In the age of Internet is not very difficult to get the name of the author (at least with a high probability), especially in a field with few practitioners. For instance see this: http://www.newappsblog.com/2012/12/the-journal-reviewing-process-isnt-anonymous-did-you-really-think-it-was-think-again.html.
So in practice only the reviewer remains anonymous.
In some fields that involve a high degree of "practical development" (recognizeable prototypes etc.) rather than "just" theoretical concepts, it is often impractical to attempt and conceal the identity of submission authors.
A conference or journal may require submissions to be anonymized, which adds a certain extra burden on the authors: Anonymizing does not end with removing the authors list, certain sections such as an Acknowledgments section need to be removed, and parts of the text may need to be rewritten (when referencing earlier work by the same authors and would, in the final paper, write "We have already ..."). And as it is sometimes still obvious that the current submission is the direct successor of an earlier work, that reference needs to be replaced with something like Removed for double-blind review, thus naturally reducing the usefulness of the references.
And yet, all of those factors may easily be in vain, as, for example, CS often involves prototypical applications that get repeatedly extended. The theoretical possibility exists that another researcher may have gotten their hands on someone else's prototype, but when the screenshots in the submission bear a striking resemblance to those in a previously published work (*), the most likely explanation is that the two works were written by the same author or at least team.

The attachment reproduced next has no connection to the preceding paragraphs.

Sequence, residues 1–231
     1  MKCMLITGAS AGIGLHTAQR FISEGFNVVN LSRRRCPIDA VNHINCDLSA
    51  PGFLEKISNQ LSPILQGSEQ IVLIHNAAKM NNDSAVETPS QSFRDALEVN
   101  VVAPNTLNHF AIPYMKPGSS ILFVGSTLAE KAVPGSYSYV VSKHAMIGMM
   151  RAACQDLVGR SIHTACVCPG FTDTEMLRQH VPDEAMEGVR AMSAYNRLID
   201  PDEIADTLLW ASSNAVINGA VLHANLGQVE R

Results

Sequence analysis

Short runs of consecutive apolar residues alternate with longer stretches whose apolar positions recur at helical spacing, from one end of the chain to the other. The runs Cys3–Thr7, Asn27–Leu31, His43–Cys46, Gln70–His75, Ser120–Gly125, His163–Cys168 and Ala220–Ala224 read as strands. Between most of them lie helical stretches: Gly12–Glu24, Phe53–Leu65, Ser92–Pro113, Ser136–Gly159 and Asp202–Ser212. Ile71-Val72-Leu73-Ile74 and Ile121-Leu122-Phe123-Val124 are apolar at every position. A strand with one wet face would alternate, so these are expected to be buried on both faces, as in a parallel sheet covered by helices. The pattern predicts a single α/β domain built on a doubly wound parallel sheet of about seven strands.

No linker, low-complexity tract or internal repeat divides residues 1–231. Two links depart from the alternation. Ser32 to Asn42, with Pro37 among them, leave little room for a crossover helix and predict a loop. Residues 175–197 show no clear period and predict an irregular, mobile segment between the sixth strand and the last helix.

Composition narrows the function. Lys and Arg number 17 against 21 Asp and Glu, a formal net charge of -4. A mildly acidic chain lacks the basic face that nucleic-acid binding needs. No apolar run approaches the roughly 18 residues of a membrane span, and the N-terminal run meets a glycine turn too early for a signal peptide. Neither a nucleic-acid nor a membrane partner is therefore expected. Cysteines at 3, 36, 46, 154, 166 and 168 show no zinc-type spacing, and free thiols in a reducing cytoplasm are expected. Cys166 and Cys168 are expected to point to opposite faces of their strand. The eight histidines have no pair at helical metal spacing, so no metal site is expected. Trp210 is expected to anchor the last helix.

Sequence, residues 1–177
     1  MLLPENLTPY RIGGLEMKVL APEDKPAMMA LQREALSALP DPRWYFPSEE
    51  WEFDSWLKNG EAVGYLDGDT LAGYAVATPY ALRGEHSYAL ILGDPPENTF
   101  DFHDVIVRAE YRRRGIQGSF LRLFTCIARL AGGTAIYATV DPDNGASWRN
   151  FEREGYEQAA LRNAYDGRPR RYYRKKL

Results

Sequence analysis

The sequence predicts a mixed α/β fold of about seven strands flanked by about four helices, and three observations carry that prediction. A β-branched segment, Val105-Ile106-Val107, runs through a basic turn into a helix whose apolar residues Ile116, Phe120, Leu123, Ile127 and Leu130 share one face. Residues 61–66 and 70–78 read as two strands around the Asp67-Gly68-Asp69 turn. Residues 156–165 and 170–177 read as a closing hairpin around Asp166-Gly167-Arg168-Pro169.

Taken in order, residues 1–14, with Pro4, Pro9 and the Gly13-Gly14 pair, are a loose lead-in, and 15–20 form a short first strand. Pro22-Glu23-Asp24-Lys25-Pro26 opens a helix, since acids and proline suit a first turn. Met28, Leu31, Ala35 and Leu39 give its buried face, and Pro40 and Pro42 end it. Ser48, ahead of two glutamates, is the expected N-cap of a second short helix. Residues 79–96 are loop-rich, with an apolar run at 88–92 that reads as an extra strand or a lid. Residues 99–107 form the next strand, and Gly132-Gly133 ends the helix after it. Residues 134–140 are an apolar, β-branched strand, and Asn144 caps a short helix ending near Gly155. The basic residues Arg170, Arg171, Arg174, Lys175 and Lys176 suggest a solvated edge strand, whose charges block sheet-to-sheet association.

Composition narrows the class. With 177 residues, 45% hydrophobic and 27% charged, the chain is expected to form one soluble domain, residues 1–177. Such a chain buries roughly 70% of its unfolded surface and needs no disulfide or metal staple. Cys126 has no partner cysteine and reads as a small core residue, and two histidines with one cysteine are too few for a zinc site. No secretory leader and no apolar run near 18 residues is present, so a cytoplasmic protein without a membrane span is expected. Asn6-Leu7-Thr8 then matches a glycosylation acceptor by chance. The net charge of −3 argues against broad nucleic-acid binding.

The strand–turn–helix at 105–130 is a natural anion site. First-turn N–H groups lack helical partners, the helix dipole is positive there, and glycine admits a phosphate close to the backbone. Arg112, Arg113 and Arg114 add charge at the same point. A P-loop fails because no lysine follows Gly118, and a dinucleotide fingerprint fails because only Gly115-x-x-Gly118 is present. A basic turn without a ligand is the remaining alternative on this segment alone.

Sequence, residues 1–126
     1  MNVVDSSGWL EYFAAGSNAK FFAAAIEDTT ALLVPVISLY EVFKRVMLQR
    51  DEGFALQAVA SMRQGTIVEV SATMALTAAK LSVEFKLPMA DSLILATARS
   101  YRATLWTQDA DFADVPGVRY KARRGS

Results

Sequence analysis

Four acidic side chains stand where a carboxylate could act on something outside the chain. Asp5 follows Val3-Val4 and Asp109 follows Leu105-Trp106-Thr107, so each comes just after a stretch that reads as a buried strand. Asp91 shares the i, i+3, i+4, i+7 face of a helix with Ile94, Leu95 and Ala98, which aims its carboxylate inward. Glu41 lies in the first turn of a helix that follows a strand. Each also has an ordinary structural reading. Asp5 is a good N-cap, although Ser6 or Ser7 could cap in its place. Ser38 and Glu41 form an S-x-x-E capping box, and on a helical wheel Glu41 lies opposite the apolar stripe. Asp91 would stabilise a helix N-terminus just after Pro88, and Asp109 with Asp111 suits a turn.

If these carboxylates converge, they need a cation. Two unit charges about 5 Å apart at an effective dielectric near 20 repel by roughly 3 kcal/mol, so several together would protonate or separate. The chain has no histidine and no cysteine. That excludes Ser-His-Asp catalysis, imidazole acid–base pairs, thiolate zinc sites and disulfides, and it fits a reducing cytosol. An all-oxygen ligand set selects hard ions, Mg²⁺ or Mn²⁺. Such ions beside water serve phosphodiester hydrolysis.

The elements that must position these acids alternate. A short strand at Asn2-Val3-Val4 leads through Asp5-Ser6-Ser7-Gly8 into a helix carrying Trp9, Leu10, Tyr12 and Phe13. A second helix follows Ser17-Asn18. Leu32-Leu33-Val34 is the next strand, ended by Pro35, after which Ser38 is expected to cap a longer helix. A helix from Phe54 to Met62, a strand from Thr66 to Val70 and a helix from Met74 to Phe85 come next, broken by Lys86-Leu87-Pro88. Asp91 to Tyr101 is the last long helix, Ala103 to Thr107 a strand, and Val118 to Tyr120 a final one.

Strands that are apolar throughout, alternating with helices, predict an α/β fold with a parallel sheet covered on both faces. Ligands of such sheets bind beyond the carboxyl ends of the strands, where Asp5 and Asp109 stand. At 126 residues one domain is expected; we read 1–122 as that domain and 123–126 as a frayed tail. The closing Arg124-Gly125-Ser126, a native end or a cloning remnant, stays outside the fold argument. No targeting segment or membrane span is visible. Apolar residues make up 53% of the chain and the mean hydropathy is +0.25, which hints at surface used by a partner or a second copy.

So, as trying to reliably blind the submission is not feasible in many cases and just leads to extra work for the authors (including the discussions if the double-blind review is optional), various conferences/journals do not offer a double-blind review in the first place.
(*) I am not saying that the same contribution is published twice. I am referring to "unimportant" aspects such as the general layout of a window, or its toolbar icons, here.
It's not clear to me that in a small field, double-blind necssarily helps promote more impartial reviews. You gain something in removing bias/prejudice based on knowledge of the author(s). However, it becomes much more difficult to control for conflicts of interest: plenty of non-obvious connections exist between researchers that an editor can't be expected to know about. With single-blind reviewing, there is at least the opportunity for the reviewer to decline if they know they've influenced the author's views in some way, or if they feel they have reviewed too high a fraction of that author's output. If everything is double-blind, it seems quite likely that small review circles could form, to the ultimate detriment of the field.